NetBeans wins in the Open Source Category!, Page 2
IBM's Cloudscape / Derby
At the 2004 Linux World San Francisco show IBM added to their already enormous list of contributions to the open source community with the announcement that they were donating a copy of the Cloudscape database product to the Apache Software Foundation. Redubbed Derby, the database is now in incubation at the foundation, meaning its development and maintenance logistics are currently undergoing some transformation to conform with the guidelines required of all official ASF projects.
Derby is a Java-based relational database management system written in the form of a Java class library, meaning it can be easily embedded into other Java applications with a minimum of effort. In development since 1996, Derby entered the IBM family of products by way of the . Despite a very small memory footprint, Derby is surprisingly packed with features, offering a native JDBC interface, support for key RDBMS features such as transactions and stored procedures, and implements the SQL92E standard enhanced with additional support for numerous SQL99 features.
While you won't see Derby powering any global e-commerce website, it's an ideal solution for running small websites, POS (point-of-sale) registers, and desktop applications. In fact, compelling Derby-based applications are already well under way, as was demonstrated by the Derby coding contest held at the recent ApacheCon. Check out the Derby website to learn more about the winners.
Other Sector Developments and Trends
Interestingly, IBM wasn't the only major IT player making moves in the open source database arena. Also at the Linux World SF show, Computer Associates announced the release of the Ingres database under the OSI-compliant Computer Associates Trusted Open Source License (CATOSL).
Another open source database project making waves in 2004 was SQLite. Reminiscent of Derby, SQLite is an extremely lightweight database offering an impressive array of features. It rocketed in status with the offering of an SQLite extension in the PHP 5.0 release, and offers a very compelling alternative to databases such as MySQL and PostgreSQL for small websites.
2005 is already signalling a continuing frenzied pace in the open source database arena, with PostgreSQL 8.0 announced just a few weeks ago on January 19. Additionally, it's likely the open source database product MySQL will continue to take market share from proprietary competitors in the corporate, educational and government markets, the result of an intense development cycle and superb organizational execution of MySQL AB, the namesake company behind the database darling. Perhaps with the pending release of MySQL 5.0 later this year we'll see both of these popular databases on next year's list of finalists.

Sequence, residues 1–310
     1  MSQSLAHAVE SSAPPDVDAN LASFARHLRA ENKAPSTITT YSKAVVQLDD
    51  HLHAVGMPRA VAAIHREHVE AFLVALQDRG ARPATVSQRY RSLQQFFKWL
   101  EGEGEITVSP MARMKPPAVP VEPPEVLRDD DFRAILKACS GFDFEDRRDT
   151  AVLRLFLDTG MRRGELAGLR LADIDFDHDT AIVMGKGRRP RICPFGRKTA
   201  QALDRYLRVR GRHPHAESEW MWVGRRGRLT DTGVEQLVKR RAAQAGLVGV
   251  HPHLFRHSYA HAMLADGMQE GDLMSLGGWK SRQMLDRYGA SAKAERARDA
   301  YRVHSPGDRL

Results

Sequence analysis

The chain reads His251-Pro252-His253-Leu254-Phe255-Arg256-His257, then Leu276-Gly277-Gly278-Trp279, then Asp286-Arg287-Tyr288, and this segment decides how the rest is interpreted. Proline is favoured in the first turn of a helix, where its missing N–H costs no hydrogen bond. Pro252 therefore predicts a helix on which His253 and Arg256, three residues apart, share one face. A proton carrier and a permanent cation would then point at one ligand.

Frustrated with existing sound solutions for facilitating the development of J2EE applications, New York-based Java consulting firm Salmon LLC decided to take matters into their own hands. The result of their efforts was a J2EE-based class and tag library dubbed the Salmon Open Framework for Internet Applications (SOFIA). Standards-based, and fully integrated with mainstream development environments such as Dreamweaver, IntelliJ, and Eclipse, and J2EE servers such as Apache Tomcat and IBM's Websphere, SOFIA offers Java developers more than 40 GUI-based visual components and 20 other components aimed at speeding Web application development while encouraging sound development principles through the separation of presentation and logic.
In addition to basic presentational elements such as buttons and list boxes, SOFIA greatly streamlines the development of commonplace tasks, offering default support for calendars, data grids, trees, and tabs. Furthermore, SOFIA is very adept at code generation for many database integration tasks, and incorporates a persistence layer support. If you're regularly involved with the development of database-driven J2EE Web applications, taking the time to experiment with SOFIA could be well worth your time.